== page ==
New Gadgets and Gizmos

I got a new version of an old gadget yesterday, and I am getting it set up and ready to go. I enjoy a bit of technology, but I am not extremely experimental when it comes to tech in my life. I do not go out and purchase every single thing that I can get my hands on - I am extremely picky about technological things, so I find something I like and then stick with it. The only reason I have a new example of this old gadget is that my old one is several years old and is starting to act like it. In addition, I got a REALLY good trade-in offer and my new device cost about the same as the old device, but with significantly expanded storage!! I am now getting the old device ready to go back to the company so I can cash in my trade-in offer and get started with the new thing sitting on my desk.

This is something that I get from my father - the interest in things technological - but he is one of the people who has to get the brand-new smart phone two weeks after it is released (I am definitely NOT that person). For me, technology has to have a direct effect on and function for and in my life to be something that I even consider.

I am the same way in my therapy sessions. My room is a screen-free room. The only screen that is even available to my students is an old television from 1984 that is attached to the karaoke cart. I can also play the occasional DVD on the karaoke machine, so that cart and the television gets used about twice per month - mainly for karaoke purposes. The color flickers in and out and things aren't the most up-to-date, but it works, and that's what I want. I was offered the chance to have a SmartBoard in one of my music therapy rooms, many years ago, and I turned it down because I wanted the focus in my treatment room to be treatment rather than the computer. I chose to get a full set of Orff instruments instead of a SmartBoard, and I have NEVER regretted that decision!

I work with children and adolescents with intellectual/developmental and psychiatric diagnoses. They know how to use computers and how to play games and how to access music videos on screens. They do not know how to use their brains and bodies to move through the world. Music therapy is a place where they learn how to do those very important things without staring at a screen. 

It interests me that my students don't seem to miss the screens. They always look around in confusion when they ask me to stream a music video, and I tell them that I can't. They shrug and move on. It's my fellow staff members that seem to think that my screen-free treatment philosophy is strange. They cannot disconnect from their devices and seem to spend less time thinking about things and go straight to looking up answers on those devices. They no longer think about things - they let their phones do the thinking for them.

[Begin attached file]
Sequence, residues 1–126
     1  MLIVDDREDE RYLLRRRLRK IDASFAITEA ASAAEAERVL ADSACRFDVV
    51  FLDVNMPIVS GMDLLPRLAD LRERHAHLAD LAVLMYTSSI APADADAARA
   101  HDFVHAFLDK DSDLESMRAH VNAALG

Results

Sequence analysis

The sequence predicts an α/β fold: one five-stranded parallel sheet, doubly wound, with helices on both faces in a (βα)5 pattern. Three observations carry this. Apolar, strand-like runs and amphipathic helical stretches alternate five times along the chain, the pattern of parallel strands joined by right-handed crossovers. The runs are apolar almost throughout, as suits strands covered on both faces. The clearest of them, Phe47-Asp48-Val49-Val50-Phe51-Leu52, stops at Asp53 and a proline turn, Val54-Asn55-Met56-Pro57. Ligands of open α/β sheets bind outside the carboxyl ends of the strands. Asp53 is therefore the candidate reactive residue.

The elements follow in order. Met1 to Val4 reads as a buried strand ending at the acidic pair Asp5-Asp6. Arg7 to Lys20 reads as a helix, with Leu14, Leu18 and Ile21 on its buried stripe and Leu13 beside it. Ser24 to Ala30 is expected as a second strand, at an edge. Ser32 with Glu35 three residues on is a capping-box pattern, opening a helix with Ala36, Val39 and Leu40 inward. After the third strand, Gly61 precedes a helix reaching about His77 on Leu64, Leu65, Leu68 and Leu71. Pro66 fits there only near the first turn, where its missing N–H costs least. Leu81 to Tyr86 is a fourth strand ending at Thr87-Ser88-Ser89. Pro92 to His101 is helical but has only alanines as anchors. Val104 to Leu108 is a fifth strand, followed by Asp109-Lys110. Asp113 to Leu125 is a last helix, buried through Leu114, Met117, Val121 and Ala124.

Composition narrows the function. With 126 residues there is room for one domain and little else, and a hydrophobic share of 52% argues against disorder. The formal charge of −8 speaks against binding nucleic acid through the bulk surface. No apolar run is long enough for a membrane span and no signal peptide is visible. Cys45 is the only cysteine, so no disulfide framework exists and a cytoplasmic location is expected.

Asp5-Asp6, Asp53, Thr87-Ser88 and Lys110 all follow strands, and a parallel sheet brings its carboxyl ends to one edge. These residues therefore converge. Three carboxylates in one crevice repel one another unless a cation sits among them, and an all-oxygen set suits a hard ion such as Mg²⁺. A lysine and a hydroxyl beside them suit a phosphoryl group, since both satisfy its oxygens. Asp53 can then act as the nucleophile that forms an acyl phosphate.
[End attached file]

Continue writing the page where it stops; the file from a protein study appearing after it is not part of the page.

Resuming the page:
I refuse to do that to myself.

I like to challenge folks to think for themselves. I like to challenge myself to think for myself. I like to find answers to questions, but I try really hard not to go to the web immediately to find what someone else thinks. I want to know my own answers.

This is probably the reason that I spend so much time trying to encourage other music therapists to think for themselves rather than just take what I've thought, written, or done in my small area and apply it to their small area of the world. Our strength in music therapy is taking an idea and stretching it to fit the client who sits in front of us. We cannot do that if we do not engage in active problem solving - not simply searching for the "one-size-fits-all" solutions offered on the internet. (By the way, one-size-fits-all NEVER fits all!)

In my opinion, the most crucial skill that every therapist HAS to have is that of critical thinking for the purposes of problem solving (I think that those two things are part and parcel of a whole). Without that skill, music therapy is reduced to something prescriptive and no longer individualized. If the therapist cannot utilize critical thinking, then clients do not get as much benefit from the therapy as when the therapist is able to make adaptations, conclusions, predictions, and clinical decisions.

How do you make these types of thoughts happen? First of all, get out of the idea that there is only one right answer to therapy questions. Therapy is NEVER either-or. It is always a flow chart - something that changes based on all the considerations that can happen with clients. There is NEVER one "right" song to get a client to address his or her particular treatment areas - there are always MANY "right" songs to get there. This is one of the best and worst things about being a therapist. If we had a way to prescribe the perfect music to "cure" our clients, we'd be out of jobs very quickly. It would be great to be able to say something like, "Listen to Bing Crosby and the Andrew Sisters, and you will know your alphabet by the morning," but it just doesn't work that way! We have to take the individual in front of us and then use those critical thinking skills to figure out what is most important to that person and how to get there.

Wow. Started with a thought about technology and ended in a rant about critical thinking skills...maybe I should just go back to bed. Can't do that - off to be supervisor and supervised! Happy Friday, everyone!!


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